As a reminder, useState takes one single parameter (your initial state) and by calling the hook, you get back an array with the current state together with a state setter function (used to update the state).

Here’s an example:

import { useState } from "react";

const [state, setState] = useState(initialState);

Similar to useState, useReducer gives you the current state and a function to update the state but with a twist. In useReducer, the reducer function is the one responsible for updating state. But to update the state, you have to “dispatch” an action object using the dispatch function.

The Dispatch Function

If you need to update your state, you must call the dispatch function. Calling dispatch will also trigger a re-render, which is needed to ensure that your UI displays the current state of the component. To ensure your state is updated, the dispatch function takes an action object as the only argument.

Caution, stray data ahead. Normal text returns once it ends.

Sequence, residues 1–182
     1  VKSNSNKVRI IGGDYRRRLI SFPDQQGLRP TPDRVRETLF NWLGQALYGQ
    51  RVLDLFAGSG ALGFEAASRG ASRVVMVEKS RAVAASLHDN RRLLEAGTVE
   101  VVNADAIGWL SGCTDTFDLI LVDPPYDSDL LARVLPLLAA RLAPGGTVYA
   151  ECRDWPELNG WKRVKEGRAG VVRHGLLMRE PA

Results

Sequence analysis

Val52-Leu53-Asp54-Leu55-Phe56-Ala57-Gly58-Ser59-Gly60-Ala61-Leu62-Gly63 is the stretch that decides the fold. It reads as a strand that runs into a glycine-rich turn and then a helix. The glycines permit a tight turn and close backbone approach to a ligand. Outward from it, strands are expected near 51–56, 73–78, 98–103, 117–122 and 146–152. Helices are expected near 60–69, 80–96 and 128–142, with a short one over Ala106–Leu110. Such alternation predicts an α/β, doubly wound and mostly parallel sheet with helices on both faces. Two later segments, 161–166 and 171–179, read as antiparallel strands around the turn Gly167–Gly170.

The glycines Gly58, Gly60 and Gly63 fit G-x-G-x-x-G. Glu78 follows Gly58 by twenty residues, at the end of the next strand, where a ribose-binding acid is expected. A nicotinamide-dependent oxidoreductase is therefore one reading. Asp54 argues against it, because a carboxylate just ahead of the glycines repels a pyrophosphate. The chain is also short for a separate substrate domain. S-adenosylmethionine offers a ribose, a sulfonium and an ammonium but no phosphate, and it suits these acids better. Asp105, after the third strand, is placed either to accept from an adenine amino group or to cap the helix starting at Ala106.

The object specifies the action performed by the user. Conventionally, the object contains a type property that matches with a given type specified in the reducer function.

Typically, you call the dispatch function after a user does some state-changing action like clicking on a button or after getting response from an API.

const [state, dispatch] = useReducer(reducer, { age: 20 });

function handleClick() {
  dispatch({ type: "increment_age" });

In the example above, we call the dispatch function and pass in an action object with a type of ‘increment_age’. The type property represents what the user did.